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I have a large number of text files containg data arranged into a fixed number of rows and columns, the columns being separated by spaces. (like a .csv but using spaces as the delimiter). I want to extract a given column from each of these files, and write it into a new text file.

So far I have tried:

results_combined = open('ResultsCombined.txt', 'wb')

def combine_results():
    for num in range(2,10):  
        f = open("result_0."+str(num)+"_.txt", 'rb') # all the text files have similar filename styles
        lines = f.readlines()   # read in the data
        no_lines = len(lines)   # get the number of lines

             for i in range (0,no_lines):
                 column = lines[i].strip().split(" ")

                 results_combined.write(column[5] + " " + '\r\n')

             f.close()

if __name__ == "__main__":
    combine_results()

This produces a text file containing the data I want from the separate files, but as a single column. (i.e. I've managed to 'stack' the columns on top of each other, rather than have them all side by side as separate columns). I feel I've missed something obvious.

In another attempt, I manage to write all the separate files to a single file, but without picking out the columns that I want.

import glob

files = [open(f) for f in glob.glob("result_*.txt")]  
fout = open ("ResultsCombined.txt", 'wb')

    for row in range(0,488):
      for f in files:
          fout.write( f.readline().strip() )
          fout.write(' ')
      fout.write('\n')

 fout.close()

What I basically want is to copy column 5 from each file (it is always the same column) and write them all to a single file.

share|improve this question

3 Answers 3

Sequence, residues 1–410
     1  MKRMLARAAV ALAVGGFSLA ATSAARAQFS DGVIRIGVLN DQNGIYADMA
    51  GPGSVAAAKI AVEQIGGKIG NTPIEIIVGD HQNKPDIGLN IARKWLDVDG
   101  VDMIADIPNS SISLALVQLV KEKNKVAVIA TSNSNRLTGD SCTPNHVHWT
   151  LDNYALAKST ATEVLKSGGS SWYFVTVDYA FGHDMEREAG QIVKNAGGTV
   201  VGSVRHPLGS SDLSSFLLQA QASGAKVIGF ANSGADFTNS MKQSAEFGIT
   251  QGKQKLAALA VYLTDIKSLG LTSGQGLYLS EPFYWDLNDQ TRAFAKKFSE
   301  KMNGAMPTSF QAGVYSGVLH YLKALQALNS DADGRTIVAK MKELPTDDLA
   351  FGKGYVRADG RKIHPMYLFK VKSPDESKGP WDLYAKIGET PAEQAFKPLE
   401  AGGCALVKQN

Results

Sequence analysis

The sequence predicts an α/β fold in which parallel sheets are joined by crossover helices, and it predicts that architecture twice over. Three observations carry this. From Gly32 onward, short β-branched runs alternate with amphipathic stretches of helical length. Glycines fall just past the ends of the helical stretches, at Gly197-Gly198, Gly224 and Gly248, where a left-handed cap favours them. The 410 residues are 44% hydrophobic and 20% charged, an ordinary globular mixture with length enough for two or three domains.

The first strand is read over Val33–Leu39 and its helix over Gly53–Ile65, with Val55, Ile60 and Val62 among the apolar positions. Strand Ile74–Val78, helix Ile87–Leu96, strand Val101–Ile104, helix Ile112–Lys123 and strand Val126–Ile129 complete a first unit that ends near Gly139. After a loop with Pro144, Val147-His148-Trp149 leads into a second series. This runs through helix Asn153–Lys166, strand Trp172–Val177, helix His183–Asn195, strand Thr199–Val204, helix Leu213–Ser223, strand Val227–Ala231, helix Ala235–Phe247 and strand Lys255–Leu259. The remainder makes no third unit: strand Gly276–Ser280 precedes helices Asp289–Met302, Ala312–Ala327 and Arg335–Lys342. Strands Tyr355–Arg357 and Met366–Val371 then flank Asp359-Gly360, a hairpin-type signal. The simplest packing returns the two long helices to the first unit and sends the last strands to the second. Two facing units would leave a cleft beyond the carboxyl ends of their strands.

up vote 1 down vote accepted

If you don't know the maximum number of rows in the files and if the files can fit into memory, then the following solution would work:

import glob

files = [open(f) for f in glob.glob("*.txt")]

# Given file, Read the 6th column in each line
def readcol5(f):
    return [line.split(' ')[5] for line in f]

filecols = [ readcol5(f) for f in files ]
maxrows = len(max(filecols, key=len))

# Given array, make sure it has maxrows number of elements.
def extendmin(arr):
    diff = maxrows - len(arr)
    arr.extend([''] * diff)
    return arr

filecols = map(extendmin, filecols)

lines = zip(*filecols)
lines = map(lambda x: ','.join(x), lines)
lines = '\n'.join(lines)

fout = open('output.csv', 'wb')
fout.write(lines)
fout.close()
share|improve this answer
    
Thank you! I really like this solution - the number of files and rows can vary depending on what variables I've used in a simulation I'm running, so this saves me having to check what the highest row number is each time. –  decvalts Jan 13 '13 at 22:52

Or this option (following your second approach):

import glob

files = [open(f) for f in glob.glob("result_*.txt")]  
fout = open ("ResultsCombined.txt", 'w')

for row in range(0,488):
   for f in files:
       fout.write(f.readline().strip().split(' ')[5])
       fout.write(' ')
   fout.write('\n')

fout.close()

... which uses a fixed number of rows per file but will work for very large numbers of rows because it is not storing the intermediate values in memory. For moderate numbers of rows, I'd expect the first answer's solution to run more quickly.

share|improve this answer
    
Thanks, I like the compactness of this method, and I may have to deal with very large numbers of rows at some point. –  decvalts Jan 13 '13 at 22:56

Why not read all the entries from each 5th column into a list and after reading in all the files, write them all to the output file?

data = [
    [], # entries from first file
    [], # entries from second file
    ...
]

for i in range(number_of_rows):
    outputline = []
    for vals in data:
        outputline.append(vals[i])
    outfile.write(" ".join(outputline))
share|improve this answer
    
Thank you, I think this has pointed me in the right direction! –  decvalts Jan 13 '13 at 22:57

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